This one’s for all you ladies — I have a hunch some of you can relate to an experience of mine…

Once upon a time, I kinda had a crush on a boy. And once upon a time, said boy kinda didn’t necessarily have a crush on me. And so I wallowed in my sadness with some chocolate chip cookies and a romantic movie about two peoples’ love lives that were a million times better than mine.

And there I was, alone in my bedroom, captivated by the story of some beautiful blonde and a handsome young man, who fell in love over small talk and a matter of hours, in some small beach town filled with kind people and unlikely drama.

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Before I started watching this movie, I knew, as I would watch this story unfold, that what I was watching wasn’t real, wasn’t likely, and certainly didn’t involve me. But during the movie, I found myself trying so badly to believe that it was real, likely, and that I was the protagonist.

You see, this evening, provided by Netflix, Nicholas Sparks, and things not going the way I’d hoped with a certain fella’, was my pathetic little attempt at satisfying my infinite desires for affection, love, and my desire to be desired itself. And as I watched two perfect people fall in perfect “love,” I let my heart ride that emotional rollercoaster right into the happy ending, only to find out that my heart was still empty.

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Sadly, I’ve learned from experience, that as fun as they may be to read or watch, romantic books and movies may not always be the best things for our heart and here’s why:

1. They teach us to seek an emotional experience rather than real relationship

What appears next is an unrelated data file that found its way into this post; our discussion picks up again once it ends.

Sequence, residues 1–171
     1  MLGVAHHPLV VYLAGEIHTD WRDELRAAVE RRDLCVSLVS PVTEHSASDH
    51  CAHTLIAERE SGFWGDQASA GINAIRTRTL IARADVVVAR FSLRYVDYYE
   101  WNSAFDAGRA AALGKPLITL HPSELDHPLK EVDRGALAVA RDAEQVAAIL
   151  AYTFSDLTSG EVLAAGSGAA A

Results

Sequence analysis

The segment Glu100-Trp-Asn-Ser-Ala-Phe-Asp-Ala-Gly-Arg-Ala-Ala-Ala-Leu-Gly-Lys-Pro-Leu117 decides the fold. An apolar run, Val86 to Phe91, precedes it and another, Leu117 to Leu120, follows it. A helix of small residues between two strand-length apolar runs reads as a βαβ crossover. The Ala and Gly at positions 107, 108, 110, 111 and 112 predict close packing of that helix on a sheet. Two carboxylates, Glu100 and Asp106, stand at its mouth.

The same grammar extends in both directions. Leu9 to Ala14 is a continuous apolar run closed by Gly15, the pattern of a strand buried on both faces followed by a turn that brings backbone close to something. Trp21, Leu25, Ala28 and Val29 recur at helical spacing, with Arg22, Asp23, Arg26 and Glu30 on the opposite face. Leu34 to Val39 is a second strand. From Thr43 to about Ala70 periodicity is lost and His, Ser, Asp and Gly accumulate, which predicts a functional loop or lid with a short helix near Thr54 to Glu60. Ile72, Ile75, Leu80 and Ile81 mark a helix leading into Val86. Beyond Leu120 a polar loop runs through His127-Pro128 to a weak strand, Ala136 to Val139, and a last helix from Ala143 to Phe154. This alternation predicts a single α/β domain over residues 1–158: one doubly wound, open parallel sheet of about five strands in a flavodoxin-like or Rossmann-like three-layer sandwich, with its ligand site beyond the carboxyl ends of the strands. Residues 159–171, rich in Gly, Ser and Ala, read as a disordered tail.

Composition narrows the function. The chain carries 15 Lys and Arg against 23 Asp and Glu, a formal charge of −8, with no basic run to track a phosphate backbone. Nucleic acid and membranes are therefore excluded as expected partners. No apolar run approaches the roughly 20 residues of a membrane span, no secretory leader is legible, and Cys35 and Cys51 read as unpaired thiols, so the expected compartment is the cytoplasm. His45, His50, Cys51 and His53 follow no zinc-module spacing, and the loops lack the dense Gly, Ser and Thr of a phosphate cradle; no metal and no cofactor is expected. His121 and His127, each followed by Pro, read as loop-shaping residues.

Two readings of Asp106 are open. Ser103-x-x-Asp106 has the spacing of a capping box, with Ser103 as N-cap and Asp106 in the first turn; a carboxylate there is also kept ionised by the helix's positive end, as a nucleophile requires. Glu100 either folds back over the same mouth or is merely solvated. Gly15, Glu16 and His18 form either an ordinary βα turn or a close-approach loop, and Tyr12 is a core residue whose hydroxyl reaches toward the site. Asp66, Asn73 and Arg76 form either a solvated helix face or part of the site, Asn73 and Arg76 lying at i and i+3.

Whether we want to admit it or not, when we seek out these kinds of stories (especially when we seek them out alone, with a bar of chocolate, after a date gone wrong — not that I would know what that’s like or anything), we are looking for some kind of emotional experience detached from any kind of real relationship.

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Made in the triune God’s image, we were made for communion — we are relational by our nature. So when we seek out emotions that properly exist in relationships, in fabricated stories, we are allowing ourselves to settle for the thrill of a relationship without a relationship itself.

I’m not saying we should boycott all the fun chick flicks out there and start serial dating; but, we should be aware of the ways we approach these kinds of stories. We can’t use the emotional high we might get from a heartfelt rom-com become a replacement for real relationships and real love… which leads me to my next point.

2. They present a false idea of what love is

Sure, it’s fun to watch the small town boy and the new girl from the city fall in “love” against all odds. In this, we see a very pretty picture being painted, in which all the loose ends are tied up in a happy ending, chock-full of all the feels. But the reality is that, as pretty a picture these stories might paint, they don’t really tell a complete story of love.

We were made for authentic love, not love like the movies. Real love isn’t pretty like the movies, full of good feelings and romantic embraces. It is far more beautiful — the Cross is far more beautiful. Love, the way we were meant to experience it (and the only way it will truly satisfy us), doesn’t come in the feeling you getting stuck in the rain with someone you kinda have a crush on — it comes in sacrifice, self-denial, in truly willing the good of the other and choosing his or her good at whatever the cost.

3. They can prevent us from going to God when we should